Statement and Decision Coverage in White Box Testing — SS Blog

Statement and Decision Coverage in White Box Testing — SS Blog

The structure of the system’s software is the basis for white-box testing. It’s most often used at the component level (so-called unit testing), but it can also be performed at any other test level utilizing the various white-box models of the system.

For instance,

  • At the integration level, call graphs
  • At the system level, business processes
  • At the acceptance testing level, menu structures

Characteristics of White Box Testing:

The following are some of the most common characteristics of white-box testing techniques:

  • A test basis, which may comprise code, software architecture, detailed design, or any other source of information about the software’s structure, is used to generate test conditions, test cases, and test data.
  • The items tested within a given structure (e.g., the code or interfaces) are used to determine coverage.
  • Specifications are frequently used as a secondary data source when determining the expected outcome of test cases.

Statement Coverage Testing in White Box Testing:

White box test cases are developed using the statement coverage technique. This process requires running all of the source code statements at least once. It is used to determine the total number of executed statements in the source code based on the total number of statements in the source code.
Statement coverage = No of statements Executed / Total no of statements in the source code * 100
Example:
Read A
Read B
if A>B
Print "A is greater than B"
else Print "B is greater than A"
endif
Set1 :If A =5, B =2
No of statements Executed: 5
Total number of statements in the source code: 7
Statement coverage =5/7*100 = 71.00 %
Set2 :If A =2, B =5
No of statements Executed: 6
Total number of statements in the source code: 7
Statement coverage =6/7*100 = 85.20 %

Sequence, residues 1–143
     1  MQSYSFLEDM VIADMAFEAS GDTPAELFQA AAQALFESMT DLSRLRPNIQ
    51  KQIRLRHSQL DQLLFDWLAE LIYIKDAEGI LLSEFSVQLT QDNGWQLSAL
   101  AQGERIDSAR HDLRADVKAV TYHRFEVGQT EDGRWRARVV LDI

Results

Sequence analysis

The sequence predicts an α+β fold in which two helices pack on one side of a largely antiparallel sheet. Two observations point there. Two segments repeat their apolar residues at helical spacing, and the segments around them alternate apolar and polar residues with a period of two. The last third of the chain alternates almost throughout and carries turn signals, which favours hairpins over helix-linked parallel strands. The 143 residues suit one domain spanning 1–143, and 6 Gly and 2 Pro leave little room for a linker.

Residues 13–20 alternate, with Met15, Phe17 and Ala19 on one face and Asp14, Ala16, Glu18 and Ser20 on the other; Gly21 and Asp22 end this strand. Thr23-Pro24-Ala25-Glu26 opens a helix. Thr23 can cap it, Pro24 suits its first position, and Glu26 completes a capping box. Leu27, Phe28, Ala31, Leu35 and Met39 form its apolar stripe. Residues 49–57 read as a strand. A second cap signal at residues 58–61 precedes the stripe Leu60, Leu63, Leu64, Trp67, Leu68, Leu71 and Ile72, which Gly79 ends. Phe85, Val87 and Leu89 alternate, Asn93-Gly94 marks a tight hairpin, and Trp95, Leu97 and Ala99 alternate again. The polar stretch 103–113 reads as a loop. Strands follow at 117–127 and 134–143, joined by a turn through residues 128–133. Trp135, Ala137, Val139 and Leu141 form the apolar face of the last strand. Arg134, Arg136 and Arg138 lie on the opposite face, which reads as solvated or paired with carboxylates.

This is purely a white-box method of testing. It examines the software’s internal coding and infrastructure, and it is the programmer’s responsibility to do so. This method is ideal for programmers.

Decision Coverage Testing in White Box Testing:

Decision coverage, also known as branch coverage, is a testing technique that ensures that each possible branch from each decision point is tested at least once, ensuring that all reachable code is executed.
That is to imply, every decision is made in both true and false forms. It aids in verifying all of the code’s branches, ensuring that none of them lead to abnormal application behavior.

In the diagram above, we have three decision points-these are the nodes: (1, 2), (3), and (6). Each of them has two outgoing transitions; hence altogether, we have six test conditions to cover:

  • Decision (1, 2) outcome to TRUE
  • Decision (1, 2) outcome to FALSE
  • Decision (3) outcome to TRUE
  • Decision (3) outcome to FALSE
  • Decision (6) outcome to TRUE
  • Decision (6) outcome to FALSE

The minimum number of test cases achieving the decision coverage is 3.
Example:

  • Test 1: 1, 2, 9, 10 (covers the test condition 2)
  • Test 2: 1, 2, 3, 4, 5, 3, 6, 7, 9, 10 (covers the test conditions 1, 3, 4, and 5)
  • Test 3: 1, 2, 3, 6, 8, 9, 10 (covers the test conditions 1, 4, and 6)

The minimal number of test cases, in this case, is 3, because number two of the test conditions 2, 5, and 6 can be exercised in one test case. Notice that we were able to cover both the test conditions 3 and 4 in one test case, taking advantage of the fact that there is a loop in the code, so we will cover the test condition 3, return, and then, within the next loop iteration, we cover the test condition 4.

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Originally published at https://studysection.com on February 1, 2022.

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